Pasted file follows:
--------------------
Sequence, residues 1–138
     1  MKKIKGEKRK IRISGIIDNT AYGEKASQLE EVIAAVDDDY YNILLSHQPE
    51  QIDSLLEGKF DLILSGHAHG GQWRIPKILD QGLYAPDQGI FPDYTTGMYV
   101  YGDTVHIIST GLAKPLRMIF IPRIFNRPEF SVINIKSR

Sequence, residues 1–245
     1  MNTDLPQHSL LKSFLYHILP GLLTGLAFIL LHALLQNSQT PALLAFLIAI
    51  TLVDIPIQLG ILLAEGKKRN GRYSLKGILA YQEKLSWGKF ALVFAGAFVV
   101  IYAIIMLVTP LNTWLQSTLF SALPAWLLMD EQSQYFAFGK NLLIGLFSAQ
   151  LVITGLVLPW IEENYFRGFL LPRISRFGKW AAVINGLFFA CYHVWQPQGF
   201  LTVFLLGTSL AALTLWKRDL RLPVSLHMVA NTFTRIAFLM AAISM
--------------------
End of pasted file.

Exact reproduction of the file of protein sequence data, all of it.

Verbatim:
Sequence, residues 1–138
     1  MKKIKGEKRK IRISGIIDNT AYGEKASQLE EVIAAVDDDY YNILLSHQPE
    51  QIDSLLEGKF DLILSGHAHG GQWRIPKILD QGLYAPDQGI FPDYTTGMYV
   101  YGDTVHIIST GLAKPLRMIF IPRIFNRPEF SVINIKSR

Sequence, residues 1–245
     1  MNTDLPQHSL LKSFLYHILP GLLTGLAFIL LHALLQNSQT PALLAFLIAI
    51  TLVDIPIQLG ILLAEGKKRN GRYSLKGILA YQEKLSWGKF ALVFAGAFVV
   101  IYAIIMLVTP LNTWLQSTLF SALPAWLLMD EQSQYFAFGK NLLIGLFSAQ
   151  LVITGLVLPW IEENYFRGFL LPRISRFGKW AAVINGLFFA CYHVWQPQGF
   201  LTVFLLGTSL AALTLWKRDL RLPVSLHMVA NTFTRIAFLM AAISM